The running of the bulls
Start of the Bull Running.
The launch of a firecracker marks the release of the bulls from their enclosure. The ritual involves running in front of and behind a bull accompanied by a pack of four tame bullocks that will guide the passage of the bull to the bullpen of Plaza de Toros arena, where it will be fought in the traditional style. A route that extends over 555.35 metres and runs along the so-called “carril toro”, or bull lane, marked with red pavement, which passes through different fenced sections of streets in the urban area and historic centre of the City of Coria
Releasing corral: Calle Mártires (24,35 metres)
Since 1968, the old corral located on the street called Calle Mártires has been used to provide rest for the bull and the pack of tame bullocks that are released for the running. These spaces were remodelled between 2005 and 2014, mainly to provide better safety and accommodation to the organisation’s staff as well as the cattle gathered here for the running ritual during noon or early morning.
1st Section: Avenida Sierra de Gata (160 metres)
The first section of the bull running begins at the exit of the corral and goes through its extension by the Avenida Sierra de Gata, spanning 160 metres, whose wide and rectilinear course together with its slight descending slope (2%) make it one of the fastest sections to be covered. The runners have to be especially attentive to the attacks of the bull that bolts down the path to seek refuge in the metal fence.
2nd Section: Calle Encierro (145 metres)
The second section of the bull running goes through the emblematic street Calle Encierro, spanning 145 metres, whose curved and narrow passage makes this section a bit dangerous. It drives the alignment of the bull and the tame bullocks to the centre of the road, restricted by fences and sidewalks, causing runners to speed up before entering the walled enclosure.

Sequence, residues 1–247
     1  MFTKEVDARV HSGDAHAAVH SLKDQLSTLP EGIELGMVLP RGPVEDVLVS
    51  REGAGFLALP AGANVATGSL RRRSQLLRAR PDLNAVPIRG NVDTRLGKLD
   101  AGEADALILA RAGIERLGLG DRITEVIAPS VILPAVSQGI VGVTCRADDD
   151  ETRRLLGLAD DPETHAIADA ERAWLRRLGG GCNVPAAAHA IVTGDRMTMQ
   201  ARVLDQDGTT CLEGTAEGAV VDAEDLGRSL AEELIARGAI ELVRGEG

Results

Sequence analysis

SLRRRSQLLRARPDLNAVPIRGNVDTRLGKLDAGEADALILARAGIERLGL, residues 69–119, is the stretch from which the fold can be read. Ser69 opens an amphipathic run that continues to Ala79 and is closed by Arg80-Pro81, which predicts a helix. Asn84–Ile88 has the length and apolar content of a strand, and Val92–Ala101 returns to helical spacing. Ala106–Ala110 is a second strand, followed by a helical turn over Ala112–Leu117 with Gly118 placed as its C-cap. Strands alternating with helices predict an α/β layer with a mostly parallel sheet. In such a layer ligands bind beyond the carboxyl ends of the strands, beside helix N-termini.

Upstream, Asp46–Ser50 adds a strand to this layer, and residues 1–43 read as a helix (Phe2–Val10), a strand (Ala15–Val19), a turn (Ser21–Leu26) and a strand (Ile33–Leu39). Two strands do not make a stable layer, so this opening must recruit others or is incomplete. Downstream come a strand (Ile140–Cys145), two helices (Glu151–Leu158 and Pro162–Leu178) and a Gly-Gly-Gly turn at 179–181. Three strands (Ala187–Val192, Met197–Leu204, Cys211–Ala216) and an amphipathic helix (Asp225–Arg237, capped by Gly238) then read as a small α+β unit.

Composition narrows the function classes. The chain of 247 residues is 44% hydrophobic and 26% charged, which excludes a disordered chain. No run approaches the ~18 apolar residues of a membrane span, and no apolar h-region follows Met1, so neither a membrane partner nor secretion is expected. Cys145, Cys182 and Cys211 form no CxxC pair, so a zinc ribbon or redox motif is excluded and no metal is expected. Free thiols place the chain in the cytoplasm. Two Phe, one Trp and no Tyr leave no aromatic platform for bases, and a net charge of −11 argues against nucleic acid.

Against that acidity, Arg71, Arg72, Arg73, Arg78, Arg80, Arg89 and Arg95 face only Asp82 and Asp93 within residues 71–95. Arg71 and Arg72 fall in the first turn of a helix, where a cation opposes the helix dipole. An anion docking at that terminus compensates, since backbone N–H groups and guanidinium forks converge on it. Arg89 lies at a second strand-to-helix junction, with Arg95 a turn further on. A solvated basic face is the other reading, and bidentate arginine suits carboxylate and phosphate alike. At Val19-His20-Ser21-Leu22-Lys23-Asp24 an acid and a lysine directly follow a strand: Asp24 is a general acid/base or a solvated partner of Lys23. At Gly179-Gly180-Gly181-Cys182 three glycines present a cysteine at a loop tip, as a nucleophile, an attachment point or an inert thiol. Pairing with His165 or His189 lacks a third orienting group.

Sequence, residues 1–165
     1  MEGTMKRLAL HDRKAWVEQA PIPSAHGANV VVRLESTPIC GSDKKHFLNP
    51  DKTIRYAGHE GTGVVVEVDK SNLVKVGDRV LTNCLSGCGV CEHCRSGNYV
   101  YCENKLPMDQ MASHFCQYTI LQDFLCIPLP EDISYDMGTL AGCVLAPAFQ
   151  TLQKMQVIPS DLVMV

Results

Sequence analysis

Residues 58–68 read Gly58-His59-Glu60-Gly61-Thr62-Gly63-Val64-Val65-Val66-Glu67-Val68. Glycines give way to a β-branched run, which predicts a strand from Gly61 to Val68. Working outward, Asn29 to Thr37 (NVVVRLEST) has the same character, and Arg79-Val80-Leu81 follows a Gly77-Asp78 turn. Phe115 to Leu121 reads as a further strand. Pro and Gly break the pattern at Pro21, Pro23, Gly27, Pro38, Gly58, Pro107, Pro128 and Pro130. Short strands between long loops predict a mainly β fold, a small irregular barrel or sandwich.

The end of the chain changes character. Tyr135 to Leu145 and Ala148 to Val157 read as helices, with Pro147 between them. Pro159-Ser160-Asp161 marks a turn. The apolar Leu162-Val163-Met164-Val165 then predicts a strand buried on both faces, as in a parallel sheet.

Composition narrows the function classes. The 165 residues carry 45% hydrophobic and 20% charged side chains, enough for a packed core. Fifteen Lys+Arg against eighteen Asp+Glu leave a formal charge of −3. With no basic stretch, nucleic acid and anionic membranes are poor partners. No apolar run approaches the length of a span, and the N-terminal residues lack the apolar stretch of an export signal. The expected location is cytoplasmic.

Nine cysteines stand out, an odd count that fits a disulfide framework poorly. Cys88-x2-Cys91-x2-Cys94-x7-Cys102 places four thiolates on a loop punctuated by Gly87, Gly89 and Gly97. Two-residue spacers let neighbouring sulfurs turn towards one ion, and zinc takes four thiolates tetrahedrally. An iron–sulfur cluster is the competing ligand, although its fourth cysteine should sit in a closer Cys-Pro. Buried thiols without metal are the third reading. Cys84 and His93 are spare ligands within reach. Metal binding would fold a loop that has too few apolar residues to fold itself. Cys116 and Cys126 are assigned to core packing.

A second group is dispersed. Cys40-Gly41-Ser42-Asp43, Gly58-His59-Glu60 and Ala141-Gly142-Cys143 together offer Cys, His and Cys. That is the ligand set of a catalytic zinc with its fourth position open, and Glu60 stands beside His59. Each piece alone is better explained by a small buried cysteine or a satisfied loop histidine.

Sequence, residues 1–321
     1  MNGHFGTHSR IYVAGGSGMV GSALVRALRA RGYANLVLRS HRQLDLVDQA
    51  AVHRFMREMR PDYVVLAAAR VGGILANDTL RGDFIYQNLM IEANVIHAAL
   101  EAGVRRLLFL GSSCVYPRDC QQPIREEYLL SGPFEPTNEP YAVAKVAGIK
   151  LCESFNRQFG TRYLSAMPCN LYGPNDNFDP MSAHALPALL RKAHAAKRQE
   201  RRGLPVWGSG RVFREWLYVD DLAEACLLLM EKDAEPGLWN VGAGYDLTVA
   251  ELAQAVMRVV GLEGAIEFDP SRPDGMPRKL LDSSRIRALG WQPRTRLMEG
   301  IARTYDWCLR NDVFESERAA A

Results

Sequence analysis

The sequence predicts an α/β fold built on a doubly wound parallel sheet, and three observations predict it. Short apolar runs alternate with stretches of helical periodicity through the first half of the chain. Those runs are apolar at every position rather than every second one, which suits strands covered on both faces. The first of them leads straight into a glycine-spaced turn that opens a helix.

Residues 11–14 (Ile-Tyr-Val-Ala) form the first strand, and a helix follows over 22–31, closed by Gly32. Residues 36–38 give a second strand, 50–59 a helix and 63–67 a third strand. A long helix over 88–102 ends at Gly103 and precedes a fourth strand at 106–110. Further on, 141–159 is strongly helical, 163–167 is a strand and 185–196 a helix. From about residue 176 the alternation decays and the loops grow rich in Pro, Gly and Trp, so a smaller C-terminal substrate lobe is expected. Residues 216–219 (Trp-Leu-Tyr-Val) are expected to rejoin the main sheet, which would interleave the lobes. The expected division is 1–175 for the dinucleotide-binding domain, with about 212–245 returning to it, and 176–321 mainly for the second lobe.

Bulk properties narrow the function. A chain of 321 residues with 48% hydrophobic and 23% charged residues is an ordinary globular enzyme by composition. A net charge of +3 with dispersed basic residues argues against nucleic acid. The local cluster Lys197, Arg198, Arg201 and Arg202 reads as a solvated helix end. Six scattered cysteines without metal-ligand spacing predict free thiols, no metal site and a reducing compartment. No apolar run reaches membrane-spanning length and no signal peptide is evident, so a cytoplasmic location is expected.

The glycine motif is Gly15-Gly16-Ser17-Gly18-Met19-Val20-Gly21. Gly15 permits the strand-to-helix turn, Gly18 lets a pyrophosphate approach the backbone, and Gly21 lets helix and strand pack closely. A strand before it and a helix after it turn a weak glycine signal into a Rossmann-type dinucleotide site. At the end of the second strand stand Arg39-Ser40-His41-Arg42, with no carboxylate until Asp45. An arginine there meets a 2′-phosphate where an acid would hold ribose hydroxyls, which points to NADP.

3rd Section: Plaza de la Cava (27 metres)
El tercer tramo del recorrido del encierro se corresponde con la Plaza de la Cava (27 m.), cuyo trayecto se configura en uno de los más cortos y peligrosos tras el The third section of the bull running goes through the Plaza de la Cava, spanning 27 metres, whose course is one of the shortest and most dangerous after entering the walled enclosure of the Historic Centre through the Puerta de San Francisco, a place where the bull sometimes regroups with the pack of tame bullocks before taking a 90-degree turn to the right towards Rúa de los Paños.
4th Section: Rúa de los Paños (113 metres)
The fourth section of the bull running goes through the street called Rúa de los Paños, spanning 113 metres, whose narrow, descending (4%) and curved passage with a 90-degree turn to the left at the end of the street causes runners to get squeezed together. The bull and the tame bullocks are lined up in a group as they go down this route at different paces, intensifying the danger.
5th Section: Las Cuatro Calles (23 metres)
The fifth and last section of the bull running goes through the famous street Las Cuatro Calles, spanning 23 metres, whose restricted, narrow and ascending road (6%), that leads to the entrance of the Plaza de Toros arena, makes this point quite dangerous as runners are at risk of falling. The bull enters the arena surrounded by tame bullocks, as the bullfighters take their positions.
Bullpen of Plaza de Toros (63 metres)
The old “toril”, or bullpen, located at the back of the Royal Prison (Cárcel Real), as described in the records from the 16th and 19th centuries, was moved to this new site between the old Town Hall and the Church of St. James (Iglesia de Santiago) in 1919. This space was remodelled in 2003, after its centuries-old masonry walls were demolished, and provides shelter to the bull in its enclosures before the fight in the Historic Centre of Coria.
End of the Bull Running.
Once the bull is enclosed in the bullpen, after the pack of tame bullocks is returned to the original corral, the bull running comes to an end. Subsequently, a bell is sounded three times at different intervals to announce the bull’s exit to the bullring (63 metres) of the Plaza de España to be fought in the traditional style, before being released on the streets and squares of the walled Historic Centre of the City of Coria. An age-old bullfighting ritual with over 500 years of uninterrupted history, a festival officially declared a Tourist Attraction of Spain (Fiestas de Interés Turístico) and is celebrated every year between 23 June-29 June.